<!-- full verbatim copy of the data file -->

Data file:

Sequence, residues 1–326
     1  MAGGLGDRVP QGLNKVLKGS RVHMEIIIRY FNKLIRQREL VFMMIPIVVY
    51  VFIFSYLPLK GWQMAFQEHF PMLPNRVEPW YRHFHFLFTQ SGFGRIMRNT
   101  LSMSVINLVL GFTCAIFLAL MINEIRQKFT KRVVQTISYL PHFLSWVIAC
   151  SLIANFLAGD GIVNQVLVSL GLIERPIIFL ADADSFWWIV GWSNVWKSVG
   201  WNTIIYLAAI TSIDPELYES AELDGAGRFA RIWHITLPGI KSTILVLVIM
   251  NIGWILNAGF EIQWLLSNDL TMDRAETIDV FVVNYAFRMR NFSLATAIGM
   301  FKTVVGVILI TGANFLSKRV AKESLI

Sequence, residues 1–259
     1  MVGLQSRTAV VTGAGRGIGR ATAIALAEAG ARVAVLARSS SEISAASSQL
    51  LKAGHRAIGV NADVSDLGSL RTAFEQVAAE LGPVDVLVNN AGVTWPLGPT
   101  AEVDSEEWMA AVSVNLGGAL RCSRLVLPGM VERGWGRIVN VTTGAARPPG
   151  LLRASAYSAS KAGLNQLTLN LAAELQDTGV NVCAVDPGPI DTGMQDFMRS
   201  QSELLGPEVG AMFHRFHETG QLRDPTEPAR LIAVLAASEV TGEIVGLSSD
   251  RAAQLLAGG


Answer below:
Sequence, residues 1–326
     1  MAGGLGDRVP QGLNKVLKGS RVHMEIIIRY FNKLIRQREL VFMMIPIVVY
    51  VFIFSYLPLK GWQMAFQEHF PMLPNRVEPW YRHFHFLFTQ SGFGRIMRNT
   101  LSMSVINLVL GFTCAIFLAL MINEIRQKFT KRVVQTISYL PHFLSWVIAC
   151  SLIANFLAGD GIVNQVLVSL GLIERPIIFL ADADSFWWIV GWSNVWKSVG
   201  WNTIIYLAAI TSIDPELYES AELDGAGRFA RIWHITLPGI KSTILVLVIM
   251  NIGWILNAGF EIQWLLSNDL TMDRAETIDV FVVNYAFRMR NFSLATAIGM
   301  FKTVVGVILI TGANFLSKRV AKESLI

Sequence, residues 1–259
     1  MVGLQSRTAV VTGAGRGIGR ATAIALAEAG ARVAVLARSS SEISAASSQL
    51  LKAGHRAIGV NADVSDLGSL RTAFEQVAAE LGPVDVLVNN AGVTWPLGPT
   101  AEVDSEEWMA AVSVNLGGAL RCSRLVLPGM VERGWGRIVN VTTGAARPPG
   151  LLRASAYSAS KAGLNQLTLN LAAELQDTGV NVCAVDPGPI DTGMQDFMRS
   201  QSELLGPEVG AMFHRFHETG QLRDPTEPAR LIAVLAASEV TGEIVGLSSD
   251  RAAQLLAGG